Therapy for children and families
Young people sometimes react differently to distress and can act out how they are feeling without realising it. They may become angry, detached or withdrawn. The behaviour may be worse at home or at school and they may display irrational fears or thoughts. They may become more argumentative or more isolated than usual, some may try to harm themselves or embark in risk-taking behaviour. I use child and teenage friendly techniques when working with young people such as therapy related games, art therapy, puppetry and role play.
If you are struggling with parenting, I can provide support to help you find a balance and what works for you and your child/family. This approach does not tell you how to be a parent but provides you with a toolbox of ideas and strategies. How you use them is entirely up to you; it is about finding what works best for you and your child.
Family therapy is often used in conjunction with treating an individual’s problem that is affecting the entire family, such as addiction, divorce, or behavioural problems. In family therapy, the unit of treatment is the family, as in any system, all things are interconnected. Instead of addressing problems solely on an individual basis, family counseling recognizes that individual problems within the system affect other members of the family, so the solution is to involve all members in therapy. The goal of family therapy is to meet the needs of all of the members in the family and for the family to function better as a unit.
Some areas I can help you with (not limited to):
Behaviour or emotional problems
A child’s problems do not exist in a vacuum; they exist, and will likely need to be addressed, within the context of the family. Families are seen as an integrated, interconnected unit in which psychological functioning is influenced by each and every family member individually and collectively as an entire system. In family therapy, there is no traditional identified patient; the focus is on relationship patterns and communication among family members. For example, when a child has a behaviour problem, the therapist is likely to perceive the child’s difficulties within the larger context of the family system, rather than his/her individual deficits.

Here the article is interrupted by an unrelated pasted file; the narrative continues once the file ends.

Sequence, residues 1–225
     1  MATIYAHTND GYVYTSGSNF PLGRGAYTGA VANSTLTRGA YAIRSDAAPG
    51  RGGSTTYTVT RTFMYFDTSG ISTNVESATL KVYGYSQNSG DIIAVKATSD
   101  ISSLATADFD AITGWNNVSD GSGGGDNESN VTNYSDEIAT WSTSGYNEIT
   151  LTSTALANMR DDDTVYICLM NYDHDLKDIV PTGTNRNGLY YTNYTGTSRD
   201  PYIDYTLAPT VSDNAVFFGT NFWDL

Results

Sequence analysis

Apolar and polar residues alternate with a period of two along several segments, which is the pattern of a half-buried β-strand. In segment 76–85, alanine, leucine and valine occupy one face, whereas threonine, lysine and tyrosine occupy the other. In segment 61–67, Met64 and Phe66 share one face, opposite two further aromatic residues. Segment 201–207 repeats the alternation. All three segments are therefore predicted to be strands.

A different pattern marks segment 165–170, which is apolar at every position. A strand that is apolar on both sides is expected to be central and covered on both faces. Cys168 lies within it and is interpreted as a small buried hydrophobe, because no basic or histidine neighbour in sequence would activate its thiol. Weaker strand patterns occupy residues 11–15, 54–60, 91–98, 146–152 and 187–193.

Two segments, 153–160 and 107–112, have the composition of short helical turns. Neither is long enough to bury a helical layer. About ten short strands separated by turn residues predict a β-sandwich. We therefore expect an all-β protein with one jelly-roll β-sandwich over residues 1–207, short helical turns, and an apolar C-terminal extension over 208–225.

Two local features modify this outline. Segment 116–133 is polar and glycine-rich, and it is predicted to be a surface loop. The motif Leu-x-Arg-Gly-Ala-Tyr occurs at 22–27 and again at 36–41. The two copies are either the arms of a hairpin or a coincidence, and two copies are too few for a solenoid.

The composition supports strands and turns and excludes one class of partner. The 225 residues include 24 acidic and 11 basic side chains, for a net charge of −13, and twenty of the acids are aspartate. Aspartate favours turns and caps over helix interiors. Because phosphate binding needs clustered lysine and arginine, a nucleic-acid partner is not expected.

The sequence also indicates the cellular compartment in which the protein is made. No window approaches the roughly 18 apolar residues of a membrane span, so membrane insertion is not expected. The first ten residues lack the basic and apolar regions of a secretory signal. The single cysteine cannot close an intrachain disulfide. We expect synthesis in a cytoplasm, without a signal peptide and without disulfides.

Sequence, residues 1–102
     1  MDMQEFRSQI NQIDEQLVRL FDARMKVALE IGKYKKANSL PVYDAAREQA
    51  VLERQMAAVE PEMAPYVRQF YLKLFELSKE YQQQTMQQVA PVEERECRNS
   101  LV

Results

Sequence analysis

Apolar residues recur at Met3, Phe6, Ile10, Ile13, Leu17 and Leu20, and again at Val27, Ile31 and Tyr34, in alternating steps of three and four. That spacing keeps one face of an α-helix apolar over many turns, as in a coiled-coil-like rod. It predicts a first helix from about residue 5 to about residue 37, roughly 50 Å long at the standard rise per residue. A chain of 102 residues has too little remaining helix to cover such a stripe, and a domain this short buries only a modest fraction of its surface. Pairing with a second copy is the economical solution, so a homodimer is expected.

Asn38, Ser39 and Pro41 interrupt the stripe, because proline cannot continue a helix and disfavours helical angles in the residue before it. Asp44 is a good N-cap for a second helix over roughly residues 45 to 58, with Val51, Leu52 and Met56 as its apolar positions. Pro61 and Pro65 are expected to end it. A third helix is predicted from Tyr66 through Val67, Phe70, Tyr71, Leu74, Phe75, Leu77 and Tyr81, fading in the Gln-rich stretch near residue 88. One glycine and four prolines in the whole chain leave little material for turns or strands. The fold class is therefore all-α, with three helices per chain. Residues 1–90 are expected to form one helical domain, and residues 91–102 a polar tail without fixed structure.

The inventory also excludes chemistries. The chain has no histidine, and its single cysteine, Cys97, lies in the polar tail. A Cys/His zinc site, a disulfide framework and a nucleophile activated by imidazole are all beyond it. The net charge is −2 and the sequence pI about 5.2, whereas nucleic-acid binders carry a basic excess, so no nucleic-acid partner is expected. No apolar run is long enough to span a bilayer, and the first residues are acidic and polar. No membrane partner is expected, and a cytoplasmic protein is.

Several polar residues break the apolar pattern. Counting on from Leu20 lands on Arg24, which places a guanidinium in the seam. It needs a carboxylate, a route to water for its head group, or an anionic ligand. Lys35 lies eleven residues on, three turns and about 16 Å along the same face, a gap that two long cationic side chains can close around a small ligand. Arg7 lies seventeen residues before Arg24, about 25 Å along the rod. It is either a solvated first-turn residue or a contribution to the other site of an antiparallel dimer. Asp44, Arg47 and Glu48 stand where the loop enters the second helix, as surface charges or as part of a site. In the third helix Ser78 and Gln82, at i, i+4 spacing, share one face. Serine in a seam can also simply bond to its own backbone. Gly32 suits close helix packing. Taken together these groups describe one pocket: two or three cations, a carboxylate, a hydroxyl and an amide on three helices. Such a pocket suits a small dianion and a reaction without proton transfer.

Most of us strive to be great parents but we may also find ourselves confused and frustrated by the seemingly endless challenges of parenthood. As both parents of toddlers and teenagers can attest, such challenges are evident across all developmental stages. I offer support with common parenting challenges (i.e., bedtime issues, picky eating, tantrums, behaviour problems, risk-taking, etc.); as well as the various learning lessons that are simply part of growing up (i.e., starting school, being respectful, making friends, being responsible, making good choices, etc.). My focus is on positive parenting techniques which teaches discipline in a way that builds a child’s self-esteem and supports a mutually respectful parent-child relationship.
Family therapy is often short term. It may include all family members or just those able or willing to participate. Your specific treatment plan will depend on your family’s situation. Family therapy sessions can teach you skills to deepen family connections and get through stressful times, even after you’re done going to therapy sessions. Family therapy can help you improve troubled relationships with your partner, children or other family members. You may address specific issues such as marital or financial problems, conflict between parents and children, or the impact of substance abuse or a mental illness on the entire family.